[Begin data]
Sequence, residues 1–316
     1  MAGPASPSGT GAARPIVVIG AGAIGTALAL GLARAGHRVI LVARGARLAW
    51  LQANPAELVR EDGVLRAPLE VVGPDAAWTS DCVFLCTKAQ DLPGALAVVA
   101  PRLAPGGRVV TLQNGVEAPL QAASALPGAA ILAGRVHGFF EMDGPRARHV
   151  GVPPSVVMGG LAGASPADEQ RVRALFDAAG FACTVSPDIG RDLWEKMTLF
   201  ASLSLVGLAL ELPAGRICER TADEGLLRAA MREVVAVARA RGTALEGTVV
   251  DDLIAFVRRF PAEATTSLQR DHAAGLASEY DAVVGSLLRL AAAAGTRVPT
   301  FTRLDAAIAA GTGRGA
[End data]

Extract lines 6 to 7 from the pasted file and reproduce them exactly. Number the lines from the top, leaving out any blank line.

   201  ASLSLVGLAL ELPAGRICER TADEGLLRAA MREVVAVARA RGTALEGTVV
   251  DDLIAFVRRF PAEATTSLQR DHAAGLASEY DAVVGSLLRL AAAAGTRVPT